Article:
Billionaire hedge fund investor Jim Chanos, the famous Enron short seller, is in the camp of professionals who view China as headed toward a crash. The China bears suspect that the economy is not as healthy as portrayed, and that many of its components that are actually stronger have become overheated. Basically, they believe that the “entire system is teetering toward collapse.”
Here are three factors that suggest serious problems in China…
1. First, they claim the huge $900 billion spent by the government on economic stimulus to support the $4.3 trillion economy is underperforming.
2. Second, China could be cooking its books. There are notable inconsistencies in official statistics. They highlight that car sales are rising dramatically but gasoline consumption is flat, one of many unexplained economic phenomena.
3. Third, the Chinese potentially face problems with overcapacity. For example, China uses more cement than the rest of the entire world combined, and it increased production by an amount greater than US, India, and Japan’s combined consumption. It’s one example, but the concern is that China will not be able to find a market for many of the goods it is producing in massive amounts.
A collapse of the Chinese economy would send shockwaves worldwide, certainly to include the US. A crippled China could find itself with a destabilized government and would be less able to support purchases of US debt… both are serious concerns.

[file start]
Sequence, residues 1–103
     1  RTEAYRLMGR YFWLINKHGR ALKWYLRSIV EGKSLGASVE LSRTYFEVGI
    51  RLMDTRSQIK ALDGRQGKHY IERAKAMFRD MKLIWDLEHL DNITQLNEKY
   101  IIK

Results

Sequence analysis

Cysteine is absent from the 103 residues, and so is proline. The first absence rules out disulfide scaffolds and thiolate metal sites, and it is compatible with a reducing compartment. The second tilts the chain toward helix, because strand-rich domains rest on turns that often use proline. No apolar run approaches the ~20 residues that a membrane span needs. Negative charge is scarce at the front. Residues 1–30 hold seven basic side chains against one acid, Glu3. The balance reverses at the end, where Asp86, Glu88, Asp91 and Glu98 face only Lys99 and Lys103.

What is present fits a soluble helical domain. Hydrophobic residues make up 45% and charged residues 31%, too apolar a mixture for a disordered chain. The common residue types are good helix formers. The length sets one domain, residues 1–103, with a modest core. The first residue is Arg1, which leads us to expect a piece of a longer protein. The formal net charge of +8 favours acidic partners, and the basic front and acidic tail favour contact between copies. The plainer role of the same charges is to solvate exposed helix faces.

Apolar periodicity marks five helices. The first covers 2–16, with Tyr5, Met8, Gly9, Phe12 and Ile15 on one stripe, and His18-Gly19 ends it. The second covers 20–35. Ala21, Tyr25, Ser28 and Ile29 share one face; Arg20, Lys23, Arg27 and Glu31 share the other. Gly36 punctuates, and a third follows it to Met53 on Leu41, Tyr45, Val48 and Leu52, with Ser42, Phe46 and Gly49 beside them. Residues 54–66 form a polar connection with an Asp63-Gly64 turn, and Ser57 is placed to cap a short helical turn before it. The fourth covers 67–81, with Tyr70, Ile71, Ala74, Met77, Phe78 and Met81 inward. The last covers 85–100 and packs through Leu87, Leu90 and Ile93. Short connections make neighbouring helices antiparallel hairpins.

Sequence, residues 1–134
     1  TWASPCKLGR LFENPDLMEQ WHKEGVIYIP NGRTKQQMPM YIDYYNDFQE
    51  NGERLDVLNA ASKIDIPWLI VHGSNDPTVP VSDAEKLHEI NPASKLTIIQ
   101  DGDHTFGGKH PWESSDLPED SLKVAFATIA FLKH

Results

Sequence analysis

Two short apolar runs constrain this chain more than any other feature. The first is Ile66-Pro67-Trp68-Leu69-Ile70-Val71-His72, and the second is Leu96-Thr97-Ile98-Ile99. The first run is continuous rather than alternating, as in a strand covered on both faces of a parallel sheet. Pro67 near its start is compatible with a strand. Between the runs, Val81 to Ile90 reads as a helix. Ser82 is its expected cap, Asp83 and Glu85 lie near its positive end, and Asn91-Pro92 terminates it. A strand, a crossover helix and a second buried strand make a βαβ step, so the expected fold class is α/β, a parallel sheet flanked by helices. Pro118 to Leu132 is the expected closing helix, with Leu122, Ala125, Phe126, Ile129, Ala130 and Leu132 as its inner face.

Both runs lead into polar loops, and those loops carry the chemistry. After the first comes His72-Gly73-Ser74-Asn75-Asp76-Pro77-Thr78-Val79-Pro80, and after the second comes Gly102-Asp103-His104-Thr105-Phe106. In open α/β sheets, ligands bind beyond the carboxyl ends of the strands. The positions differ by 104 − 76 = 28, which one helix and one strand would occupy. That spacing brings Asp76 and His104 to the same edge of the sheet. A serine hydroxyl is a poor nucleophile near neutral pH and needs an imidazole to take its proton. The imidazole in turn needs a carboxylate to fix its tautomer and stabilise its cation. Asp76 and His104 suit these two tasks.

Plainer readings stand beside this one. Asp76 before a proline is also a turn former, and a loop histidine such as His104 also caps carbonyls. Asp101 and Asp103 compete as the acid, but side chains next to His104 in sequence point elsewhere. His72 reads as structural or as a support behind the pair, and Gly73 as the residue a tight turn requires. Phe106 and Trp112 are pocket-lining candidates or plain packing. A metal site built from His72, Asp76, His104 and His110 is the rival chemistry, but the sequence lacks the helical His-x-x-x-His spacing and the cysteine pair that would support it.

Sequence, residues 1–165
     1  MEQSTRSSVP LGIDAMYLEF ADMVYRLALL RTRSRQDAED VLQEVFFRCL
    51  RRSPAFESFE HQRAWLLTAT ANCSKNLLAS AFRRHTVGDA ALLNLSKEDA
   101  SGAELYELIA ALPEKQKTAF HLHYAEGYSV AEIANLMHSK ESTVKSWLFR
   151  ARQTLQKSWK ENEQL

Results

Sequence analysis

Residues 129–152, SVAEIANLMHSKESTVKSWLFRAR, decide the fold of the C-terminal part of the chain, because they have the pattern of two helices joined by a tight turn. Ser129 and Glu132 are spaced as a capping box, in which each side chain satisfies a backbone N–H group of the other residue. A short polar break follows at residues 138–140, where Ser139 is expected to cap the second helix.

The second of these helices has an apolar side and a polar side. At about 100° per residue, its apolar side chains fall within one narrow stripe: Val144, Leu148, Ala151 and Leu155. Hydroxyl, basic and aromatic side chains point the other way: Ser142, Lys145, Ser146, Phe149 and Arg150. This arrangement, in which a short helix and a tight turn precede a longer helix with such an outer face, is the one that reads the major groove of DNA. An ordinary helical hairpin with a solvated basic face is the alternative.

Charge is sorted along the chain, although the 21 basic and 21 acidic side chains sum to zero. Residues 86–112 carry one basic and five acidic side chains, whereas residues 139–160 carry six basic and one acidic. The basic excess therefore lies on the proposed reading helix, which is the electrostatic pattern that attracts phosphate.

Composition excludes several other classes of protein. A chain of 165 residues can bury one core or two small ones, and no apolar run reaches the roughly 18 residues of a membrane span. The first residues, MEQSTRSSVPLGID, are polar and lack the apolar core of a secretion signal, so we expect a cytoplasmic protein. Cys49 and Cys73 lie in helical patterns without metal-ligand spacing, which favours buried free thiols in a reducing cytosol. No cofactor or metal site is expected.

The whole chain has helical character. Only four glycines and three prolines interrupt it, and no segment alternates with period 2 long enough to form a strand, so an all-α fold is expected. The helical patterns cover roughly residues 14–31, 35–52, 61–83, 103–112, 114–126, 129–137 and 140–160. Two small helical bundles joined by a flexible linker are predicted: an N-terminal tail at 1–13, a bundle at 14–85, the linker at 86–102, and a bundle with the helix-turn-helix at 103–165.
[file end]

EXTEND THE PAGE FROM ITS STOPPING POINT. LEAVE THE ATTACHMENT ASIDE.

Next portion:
Is China headed toward collapse?
The conventional wisdom in Washington and in most of the rest of the world is that the roaring Chinese economy is going to pull the global economy out of recession and back into growth. It’s China’s turn, the theory goes, as American consumers — who propelled the last global boom with their borrowing and spending ways — have begun to tighten their belts and increase savings rates.
….read more of China headed toward collapse HERE.
Rocky Vega is a regular contributor to The Daily Reckoning. Previously, he was founding publisher of UrbanTurf and RFID Update, which he operated from Brazil, Chile, and Puerto Rico, and associate publisher of FierceFinance. He specialized in direct marketing at MBI, facilitated MIT Sloan School of Management programs, and has been featured on CBS. Vega graduated with honors from Harvard University, where he was on the board of Let’s Go Publications and directed business programs involving McKinsey, Goldman Sachs, and Harvard Business School faculty. He is also enrolled at the Stockholm School of Economics.
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